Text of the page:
Moose antlers, especially the highly sought-after ones, have broad palms, as well as points, or tines, growing out of the palms. A set of majestic headgear like that in front of Finn’s truck can weigh up to forty pounds. The disposition of an already irritable bull carrying this kind of weight on its head should be given great heed by anyone who comes close. The organization that has been scoring these horns since 1887 is the Boone and Crockett Club, a conservation group with very strict rules. All Finn could say after this encounter was that this bull would surely have impressed Boone and Crockett.

Instead of putting his Dodge Ram truck into reverse and slowly backing away from danger, as anyone else would have done, Finn put the Dodge in forward. The moose stood its ground. Inch by inch, Finn crept closer. Finally, at about the twenty-foot mark, the bull turned its whole body toward the truck. Finn paused, then advanced another foot or so. The moose answered with a step. This was repeated several more times, until Finn was looking into the bull’s eyes through his windshield.

Then the staring contest was over. Without warning, the bull lowered his head and locked the tines of his broad antlers into the front bumper of Finn’s Ram truck, a set of horns to either side of the license plate. Then it began to rock the truck violently from side to side on its shock absorbers. This was it! The moment Finn had dreamed of. It seemed now as if the moose’s antlers were stuck in the bumper, which meant he was stationary. Finn bailed from his pickup and tried a Roy Rogers-style running side mount, swinging his prodigious lower limbs as high as he could while the moose was still rocking and rolling the truck. Here again, there was a problem Finn had failed to calculate. A fully-grown adult moose can be nearly seven feet tall at the shoulder! That’s less a high jump than a pole vault. Whether this bull was fully grown or not, it was tall enough that Finn’s attempt was bollixed, and he fell in a heap under the beast. Unharmed as usual, he was gathering himself up for another go when one side of the moose’s horns came unhooked from the bumper. In the split second that it took for Finn to think, “Uh oh,” the other side was free. Later, Finn measured the width of his truck. It was sixty inches from one end of the front bumper to the other, and these moose horns encompassed all of it.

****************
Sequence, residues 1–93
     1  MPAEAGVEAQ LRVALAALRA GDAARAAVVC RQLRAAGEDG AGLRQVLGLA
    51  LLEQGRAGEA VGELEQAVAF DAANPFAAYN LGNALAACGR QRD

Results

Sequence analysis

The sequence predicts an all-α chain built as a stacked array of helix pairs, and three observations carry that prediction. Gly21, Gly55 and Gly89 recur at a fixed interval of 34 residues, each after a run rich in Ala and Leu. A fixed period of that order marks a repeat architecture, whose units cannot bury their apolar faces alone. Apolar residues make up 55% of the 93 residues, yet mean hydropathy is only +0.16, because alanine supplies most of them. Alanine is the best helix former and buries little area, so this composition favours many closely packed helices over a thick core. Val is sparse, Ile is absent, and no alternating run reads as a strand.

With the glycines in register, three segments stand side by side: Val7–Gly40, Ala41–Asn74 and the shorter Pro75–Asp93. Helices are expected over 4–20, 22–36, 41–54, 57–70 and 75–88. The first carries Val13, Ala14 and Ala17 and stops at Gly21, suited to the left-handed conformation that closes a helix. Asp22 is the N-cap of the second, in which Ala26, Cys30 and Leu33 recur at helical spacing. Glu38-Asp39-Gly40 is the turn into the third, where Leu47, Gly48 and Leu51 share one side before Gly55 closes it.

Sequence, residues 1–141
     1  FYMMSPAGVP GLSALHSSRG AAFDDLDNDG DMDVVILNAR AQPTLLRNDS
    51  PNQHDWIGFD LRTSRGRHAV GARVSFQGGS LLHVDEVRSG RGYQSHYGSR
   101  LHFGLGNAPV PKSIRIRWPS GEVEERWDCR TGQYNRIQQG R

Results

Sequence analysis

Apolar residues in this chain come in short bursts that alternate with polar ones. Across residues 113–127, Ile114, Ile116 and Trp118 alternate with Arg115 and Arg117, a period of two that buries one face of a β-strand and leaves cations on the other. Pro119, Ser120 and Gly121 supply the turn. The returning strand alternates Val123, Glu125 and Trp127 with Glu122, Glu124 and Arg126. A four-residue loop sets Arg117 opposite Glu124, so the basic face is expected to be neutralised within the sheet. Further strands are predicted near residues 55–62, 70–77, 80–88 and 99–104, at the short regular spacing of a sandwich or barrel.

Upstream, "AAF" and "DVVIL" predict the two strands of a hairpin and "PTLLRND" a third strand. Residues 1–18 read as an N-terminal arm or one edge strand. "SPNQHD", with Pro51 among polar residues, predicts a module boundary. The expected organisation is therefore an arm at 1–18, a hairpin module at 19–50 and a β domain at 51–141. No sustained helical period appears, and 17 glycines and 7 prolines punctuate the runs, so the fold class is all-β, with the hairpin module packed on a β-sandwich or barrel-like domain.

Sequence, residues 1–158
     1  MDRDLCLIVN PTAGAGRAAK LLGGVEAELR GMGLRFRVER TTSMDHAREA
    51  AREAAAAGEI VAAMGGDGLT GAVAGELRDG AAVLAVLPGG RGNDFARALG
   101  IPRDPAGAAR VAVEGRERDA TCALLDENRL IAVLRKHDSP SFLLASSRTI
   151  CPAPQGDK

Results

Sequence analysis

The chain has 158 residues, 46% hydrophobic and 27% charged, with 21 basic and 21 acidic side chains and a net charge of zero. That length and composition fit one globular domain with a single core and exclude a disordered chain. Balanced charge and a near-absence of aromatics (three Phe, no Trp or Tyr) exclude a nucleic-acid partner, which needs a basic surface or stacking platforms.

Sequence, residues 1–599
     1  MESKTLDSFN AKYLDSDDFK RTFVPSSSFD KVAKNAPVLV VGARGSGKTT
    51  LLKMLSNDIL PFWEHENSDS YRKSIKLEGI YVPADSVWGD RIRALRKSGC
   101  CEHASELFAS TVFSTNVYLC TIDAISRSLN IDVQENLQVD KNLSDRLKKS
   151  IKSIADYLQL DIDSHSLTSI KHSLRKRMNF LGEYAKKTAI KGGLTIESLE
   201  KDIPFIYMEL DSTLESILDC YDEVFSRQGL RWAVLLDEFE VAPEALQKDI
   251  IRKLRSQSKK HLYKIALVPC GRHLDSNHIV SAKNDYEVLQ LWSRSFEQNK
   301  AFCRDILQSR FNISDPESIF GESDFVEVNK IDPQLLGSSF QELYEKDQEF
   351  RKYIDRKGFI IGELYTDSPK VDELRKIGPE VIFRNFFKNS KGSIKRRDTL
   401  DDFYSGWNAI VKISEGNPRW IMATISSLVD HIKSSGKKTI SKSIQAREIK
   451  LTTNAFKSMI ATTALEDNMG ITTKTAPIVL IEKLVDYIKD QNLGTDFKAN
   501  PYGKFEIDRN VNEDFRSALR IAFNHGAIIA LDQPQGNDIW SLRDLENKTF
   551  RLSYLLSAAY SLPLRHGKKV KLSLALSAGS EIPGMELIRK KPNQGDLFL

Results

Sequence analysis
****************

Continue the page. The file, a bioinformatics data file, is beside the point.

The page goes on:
The moose turned to see Finn on the ground beside him, and when Finn looked into his eyes, he saw his own mortality. He rolled out of the way to miss a kick from one of the bull’s hind legs, and quickly came to his feet. The moose swung its head, trying to knock Finn over with his horns, but Finn was already running. His legs might have been long, but the bull’s were too, and the bull had four of them. He quickly realized that, on the straightaway, he had no chance. By the time he picked a spot to jump over the ditch and into the thick woods, he felt the breath of the bull on his back. Finn’s sudden leap over the gulley must have flummoxed the moose, because he kept running for another fifty feet before stopping. This was Finn’s chance to sprint back to the still-running truck, all of which the bull observed without moving.

Working on his fireplace later that day, Finn was in a reflective mood. He was beginning to think that his dream of mounting a moose for the ride of a lifetime had some flaws.

A Short Interview with Randy Spencer about “Written on Water”